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James Cuno
James Cuno is President and CEO of the J. Paul Getty Trust and is the former Director of the Harvard Art Museums, the Courtauld Institute, and the Art Institute of Chicago.
Cuno, James
Cuno, James
United States of America
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You Look Beautiful Like That: The Portrait Photographs of Seydou Keïta and Malick Sidibé
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Conservation at the Art Institute of Chicago
The Art Institute of Chicago takes seriously its mission to collect, research, preserve, and display representative examples of the world’s artistic legacy for the benefit of the public. This is a grave responsibility, and nothing we do is more important. Critical to this enterprise are the efforts of our conservators, who collaborate with our curators to assess the condition and...
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Elizabeth Catlett: In the Image of the People
~Elizabeth Catlett was born in our nation’s capital in 1915, the granddaughter of slaves. She graduated from Howard University, having studied design, drawing, printmaking, and art history. After a two-year stint teaching high school in North Carolina, she enrolled at the University of Iowa, where she was influenced by, among others, the regionalist...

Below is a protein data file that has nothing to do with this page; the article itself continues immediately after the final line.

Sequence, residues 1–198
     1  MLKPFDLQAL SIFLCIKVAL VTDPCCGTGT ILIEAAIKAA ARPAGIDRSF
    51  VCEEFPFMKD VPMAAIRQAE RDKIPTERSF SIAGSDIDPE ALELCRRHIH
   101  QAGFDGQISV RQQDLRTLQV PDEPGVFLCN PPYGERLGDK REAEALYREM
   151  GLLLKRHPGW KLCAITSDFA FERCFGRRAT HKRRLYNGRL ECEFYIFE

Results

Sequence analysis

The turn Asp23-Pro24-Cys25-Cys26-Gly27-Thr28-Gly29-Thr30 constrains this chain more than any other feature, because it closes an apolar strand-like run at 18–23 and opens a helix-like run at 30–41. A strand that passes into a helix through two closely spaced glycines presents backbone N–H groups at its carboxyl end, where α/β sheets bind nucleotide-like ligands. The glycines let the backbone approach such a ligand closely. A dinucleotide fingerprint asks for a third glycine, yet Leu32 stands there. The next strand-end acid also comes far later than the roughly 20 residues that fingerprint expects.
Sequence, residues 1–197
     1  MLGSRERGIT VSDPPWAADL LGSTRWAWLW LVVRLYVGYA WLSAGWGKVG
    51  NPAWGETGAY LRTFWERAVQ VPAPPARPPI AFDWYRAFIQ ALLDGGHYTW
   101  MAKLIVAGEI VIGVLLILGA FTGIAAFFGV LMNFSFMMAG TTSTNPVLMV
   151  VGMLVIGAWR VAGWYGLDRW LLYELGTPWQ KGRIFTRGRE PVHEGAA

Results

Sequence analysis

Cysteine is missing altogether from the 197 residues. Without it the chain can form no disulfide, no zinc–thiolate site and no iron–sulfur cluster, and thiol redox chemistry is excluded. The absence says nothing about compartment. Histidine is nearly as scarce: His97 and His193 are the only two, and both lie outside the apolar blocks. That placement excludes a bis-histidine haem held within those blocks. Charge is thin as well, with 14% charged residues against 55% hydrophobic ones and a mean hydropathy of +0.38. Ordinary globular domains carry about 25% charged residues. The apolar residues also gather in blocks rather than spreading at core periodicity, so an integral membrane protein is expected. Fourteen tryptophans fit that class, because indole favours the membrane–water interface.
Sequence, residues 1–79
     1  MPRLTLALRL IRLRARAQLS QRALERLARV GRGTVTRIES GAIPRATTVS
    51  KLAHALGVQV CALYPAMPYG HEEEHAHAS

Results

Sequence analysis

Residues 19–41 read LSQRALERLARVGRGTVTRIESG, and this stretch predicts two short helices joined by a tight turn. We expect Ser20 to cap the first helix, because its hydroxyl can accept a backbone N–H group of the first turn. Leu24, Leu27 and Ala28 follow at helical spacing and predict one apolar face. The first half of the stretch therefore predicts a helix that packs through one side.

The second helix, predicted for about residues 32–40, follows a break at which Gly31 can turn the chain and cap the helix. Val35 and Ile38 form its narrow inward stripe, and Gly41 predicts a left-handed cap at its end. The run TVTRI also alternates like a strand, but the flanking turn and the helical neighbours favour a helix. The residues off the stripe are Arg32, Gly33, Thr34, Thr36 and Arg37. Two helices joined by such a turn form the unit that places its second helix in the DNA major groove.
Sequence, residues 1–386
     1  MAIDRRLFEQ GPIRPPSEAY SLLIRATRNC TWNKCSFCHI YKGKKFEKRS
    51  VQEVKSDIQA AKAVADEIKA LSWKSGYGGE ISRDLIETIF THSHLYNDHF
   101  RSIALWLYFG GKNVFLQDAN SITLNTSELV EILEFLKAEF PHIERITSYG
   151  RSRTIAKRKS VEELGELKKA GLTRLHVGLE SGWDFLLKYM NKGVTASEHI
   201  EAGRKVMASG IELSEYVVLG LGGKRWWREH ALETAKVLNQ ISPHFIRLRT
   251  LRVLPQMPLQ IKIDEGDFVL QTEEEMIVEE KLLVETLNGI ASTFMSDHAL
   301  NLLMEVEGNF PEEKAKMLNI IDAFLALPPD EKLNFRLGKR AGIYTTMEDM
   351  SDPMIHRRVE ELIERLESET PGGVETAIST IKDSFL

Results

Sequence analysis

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Casas Grandes and the Ceramic Art of the Ancient Southwest
As one of this country’s greatest encyclopedic museums, the Art Institute of Chicago has a long-standing commitment to study, display, and communicate knowledge about the heritage of the world’s peoples. Thus, we play a crucial cultural and civic role in our region, our country, and our wide international community. There is no substitute for displaying original works of art, and it is through the presence of such invaluable objects that the museum is able to present some five thousand years …
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Hero, Hawk, and Open Hand: American Indian Art of the Ancient Midwest and South
To all but a few individuals, the works of art featured in this book and the exhibition Hero, Hawk, and Open Hand: American Indian Art of the Ancient Midwest and South will be almost entirely unknown. Yet, as with masterpieces from more familiar ancient traditions, the objects strike us with a sense of surprise, wonderment, and puzzled interest. They appear to have a family affinity with the arts of Mesoamerica and other regions of the Americas where early societies arose and flourished, but …
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Watercolors by Winslow Homer: The Color of Light
Winslow Homer’s art has long been beloved by American audiences. So many of his images explore aspects of our national identity that are especially meaningful to us, from military heroism and innocent childhood to hard work and a reverence for nature. As Walt Whitman did with language in the same period, Homer used his artistic tools and materials to craft a strong, original style. He developed unorthodox methods of representation to conjure tangible, visceral experiences. Looking at the world …